Are you hurting or helping your heart?

When it comes to body parts your body can’t do without, the heart is king. But if you’re like many people, you may be treating your beloved heart like an ignored servant. How can you make sure your heart receives a royal welcome? By eating right.

We have a lot of clients that come to us with heart conditions and the numbers seem to be getting higher and higher every year. Years ago, it was the oddity to have mild to severe heart conditions but it is becoming much too common these days. Knowing is half the battle.

First, it’s a good idea to know what heart-healthy eating actually is. Contrary to popular belief, a diet that is heart healthy isn’t going to keep you from eating anything with flavour. You’re not going to be miserable while on a heart-healthy diet. Actually, you shouldn’t go on a heart-healthy diet – at least not one that lasts for a few months and fades away with your New Year’s resolutions. Rather, you should maintain heart-healthy eating habits every day of the year.

The simplest recipe for heart-healthy eating habits is to go organic and all-natural. Most foods you find in nature and eat in their raw or cooked forms are very good for you and many of them actively work to strengthen your heart. On the other hand, manmade foods that are highly processed or infused with chemicals and preservatives that add flavour and fat often put your heart in harm’s way.

Bad fats and cholesterol can be very dangerous to your heart health. Hence why you should avoid them as much as possible. However, since it’s nearly impossible to rid your diet entirely of all types of fats and cholesterol, you’ll need to choose your battles wisely.

Battles worth fighting in the fat realm are those battles against saturated fat and trans fat. By reading food labels and reducing the amount of butter and other fatty products you eat on a regular basis, you can sidestep the majority of these dangerous fats. Instead of saturated and trans fats, look for foods that contain monounsaturated fats or polyunsaturated fats. Believe it or not, these fats may actually help lower your cholesterol. Simplified, not all fats are equal..there are good and bad. Stick with the good.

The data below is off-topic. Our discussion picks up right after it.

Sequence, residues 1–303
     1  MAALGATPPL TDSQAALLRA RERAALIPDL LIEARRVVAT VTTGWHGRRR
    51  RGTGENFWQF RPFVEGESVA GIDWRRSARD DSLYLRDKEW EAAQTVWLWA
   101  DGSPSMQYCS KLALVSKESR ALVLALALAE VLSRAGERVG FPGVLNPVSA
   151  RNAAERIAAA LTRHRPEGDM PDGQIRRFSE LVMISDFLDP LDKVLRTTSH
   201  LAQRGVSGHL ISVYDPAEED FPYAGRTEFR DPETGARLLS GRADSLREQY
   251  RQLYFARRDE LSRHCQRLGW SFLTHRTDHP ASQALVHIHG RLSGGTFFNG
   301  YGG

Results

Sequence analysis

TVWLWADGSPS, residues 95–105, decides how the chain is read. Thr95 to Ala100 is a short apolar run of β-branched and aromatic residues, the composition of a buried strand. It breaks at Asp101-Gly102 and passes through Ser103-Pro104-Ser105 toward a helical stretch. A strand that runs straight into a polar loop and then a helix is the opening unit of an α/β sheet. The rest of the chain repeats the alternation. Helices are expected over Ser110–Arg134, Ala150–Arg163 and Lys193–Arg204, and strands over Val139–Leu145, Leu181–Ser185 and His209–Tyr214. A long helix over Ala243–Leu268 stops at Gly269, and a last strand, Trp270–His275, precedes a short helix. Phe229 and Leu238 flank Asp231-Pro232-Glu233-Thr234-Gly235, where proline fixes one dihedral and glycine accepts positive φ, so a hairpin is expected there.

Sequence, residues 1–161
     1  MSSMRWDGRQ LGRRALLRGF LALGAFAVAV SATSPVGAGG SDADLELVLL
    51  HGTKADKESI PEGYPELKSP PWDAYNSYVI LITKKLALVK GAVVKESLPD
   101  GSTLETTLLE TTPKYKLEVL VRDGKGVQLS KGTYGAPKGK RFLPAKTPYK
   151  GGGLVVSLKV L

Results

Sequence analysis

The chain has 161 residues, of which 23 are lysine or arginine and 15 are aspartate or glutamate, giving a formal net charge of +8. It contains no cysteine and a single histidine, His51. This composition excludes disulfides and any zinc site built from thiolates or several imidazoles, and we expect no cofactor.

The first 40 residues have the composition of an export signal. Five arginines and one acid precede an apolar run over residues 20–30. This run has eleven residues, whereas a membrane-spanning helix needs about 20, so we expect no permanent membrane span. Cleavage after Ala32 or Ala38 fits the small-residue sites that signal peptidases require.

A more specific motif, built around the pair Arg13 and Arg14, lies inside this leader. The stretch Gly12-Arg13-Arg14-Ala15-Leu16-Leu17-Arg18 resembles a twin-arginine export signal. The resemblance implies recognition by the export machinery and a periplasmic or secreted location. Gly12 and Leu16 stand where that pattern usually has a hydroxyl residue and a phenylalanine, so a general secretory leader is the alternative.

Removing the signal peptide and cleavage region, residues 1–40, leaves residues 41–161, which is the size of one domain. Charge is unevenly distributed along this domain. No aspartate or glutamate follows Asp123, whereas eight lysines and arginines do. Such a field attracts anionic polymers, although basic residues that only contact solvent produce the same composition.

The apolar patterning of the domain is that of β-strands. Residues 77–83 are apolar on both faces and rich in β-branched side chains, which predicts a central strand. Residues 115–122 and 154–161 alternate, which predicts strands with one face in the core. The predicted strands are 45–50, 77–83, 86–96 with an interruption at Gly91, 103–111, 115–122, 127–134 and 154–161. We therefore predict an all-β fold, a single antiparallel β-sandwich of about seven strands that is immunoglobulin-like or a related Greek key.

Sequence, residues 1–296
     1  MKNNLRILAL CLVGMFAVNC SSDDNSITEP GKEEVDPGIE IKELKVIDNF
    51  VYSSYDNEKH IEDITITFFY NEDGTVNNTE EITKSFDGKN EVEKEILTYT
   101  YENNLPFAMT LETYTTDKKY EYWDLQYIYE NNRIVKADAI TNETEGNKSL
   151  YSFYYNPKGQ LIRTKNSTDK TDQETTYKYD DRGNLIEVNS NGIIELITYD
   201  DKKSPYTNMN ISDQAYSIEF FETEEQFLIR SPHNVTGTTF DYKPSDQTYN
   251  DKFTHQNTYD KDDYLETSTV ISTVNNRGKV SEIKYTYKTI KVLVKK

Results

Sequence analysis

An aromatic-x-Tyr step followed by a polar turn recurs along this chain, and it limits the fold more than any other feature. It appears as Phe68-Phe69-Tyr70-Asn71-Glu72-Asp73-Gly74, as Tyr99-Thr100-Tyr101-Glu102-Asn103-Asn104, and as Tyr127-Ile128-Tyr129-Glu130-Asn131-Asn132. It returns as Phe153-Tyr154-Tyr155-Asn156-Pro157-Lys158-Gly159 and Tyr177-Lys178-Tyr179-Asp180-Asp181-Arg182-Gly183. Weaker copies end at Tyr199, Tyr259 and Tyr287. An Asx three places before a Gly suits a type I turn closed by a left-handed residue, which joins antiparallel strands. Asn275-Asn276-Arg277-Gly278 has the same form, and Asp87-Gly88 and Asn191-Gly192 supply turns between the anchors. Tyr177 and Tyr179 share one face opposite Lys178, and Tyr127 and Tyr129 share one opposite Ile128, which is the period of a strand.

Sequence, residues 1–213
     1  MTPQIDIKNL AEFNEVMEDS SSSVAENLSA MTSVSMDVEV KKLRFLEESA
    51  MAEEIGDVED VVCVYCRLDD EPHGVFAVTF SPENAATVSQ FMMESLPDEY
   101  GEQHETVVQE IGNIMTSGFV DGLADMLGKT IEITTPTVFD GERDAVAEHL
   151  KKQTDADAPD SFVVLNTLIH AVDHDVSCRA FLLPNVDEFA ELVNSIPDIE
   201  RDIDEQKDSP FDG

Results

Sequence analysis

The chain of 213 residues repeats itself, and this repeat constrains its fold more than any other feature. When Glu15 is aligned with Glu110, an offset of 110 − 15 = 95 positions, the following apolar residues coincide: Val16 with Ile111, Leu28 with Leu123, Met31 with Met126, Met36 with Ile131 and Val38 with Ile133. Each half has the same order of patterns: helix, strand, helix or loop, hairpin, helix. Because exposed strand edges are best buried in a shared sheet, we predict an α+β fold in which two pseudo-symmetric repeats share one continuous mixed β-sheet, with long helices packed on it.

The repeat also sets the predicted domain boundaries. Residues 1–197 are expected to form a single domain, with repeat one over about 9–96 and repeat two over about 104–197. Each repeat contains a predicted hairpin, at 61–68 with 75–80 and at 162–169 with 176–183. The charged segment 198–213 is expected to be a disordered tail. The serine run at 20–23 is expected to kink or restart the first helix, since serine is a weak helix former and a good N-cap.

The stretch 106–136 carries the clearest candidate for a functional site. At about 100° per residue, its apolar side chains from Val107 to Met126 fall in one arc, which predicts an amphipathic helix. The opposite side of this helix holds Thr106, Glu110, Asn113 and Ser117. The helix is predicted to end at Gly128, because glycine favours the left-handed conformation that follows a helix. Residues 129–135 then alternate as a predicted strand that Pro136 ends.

Reading food labels will also help you manage the amount of cholesterol you consume. Ideally, a healthy adult will consume no more than 300 milligrams of cholesterol each day. For even better health, try to get no more than 150 or 200 milligrams on a daily basis.

A third battle that is often overlooked is the ongoing battle against salt. Though it adds immediate flavour to anything you’re eating, salt also adds to your risk for high blood pressure. As high blood pressure is a key risk factor for heart disease, you ought to pay careful attention to how much salt you eat each day.

It is a rule of thumb that you should keep your salt intake to 2,500 mg or under (that’s only half a teaspoon — not much I know but that’s all the body can really handle and we overdose on it all the time). Some foods are naturally salty and have no need for you to add salt from the shaker. Taking a bite before adding salt may even help you enjoy the natural flavour of the food you’re eating. Over time, your saltshaker may be collecting dust in the pantry! Tip: Get rid of regular table salt for sea salt; much better for you.

In addition to eating heart-healthy foods, your heart gains extra protection against disease through regular exercise. Try your best to be active 30 minutes a day. Exercise should consist of strength training and cardio-boosting things like jogging, swimming, hiking, etc.

To keep your heart pumping strong, you should spend some time jogging around your neighbourhood, swimming laps in the pool, or riding your bicycle through the woods. For added protection, don’t smoke, avoid breathing second-hand smoke, and stay in contact with your physician to ensure the steps you are taking for a heart-healthy life are working.

Jack Wheeler is a personal trainer and owner of 360 Fitness in Red Deer. He can be reached at 403-347-1707 or check out for more information.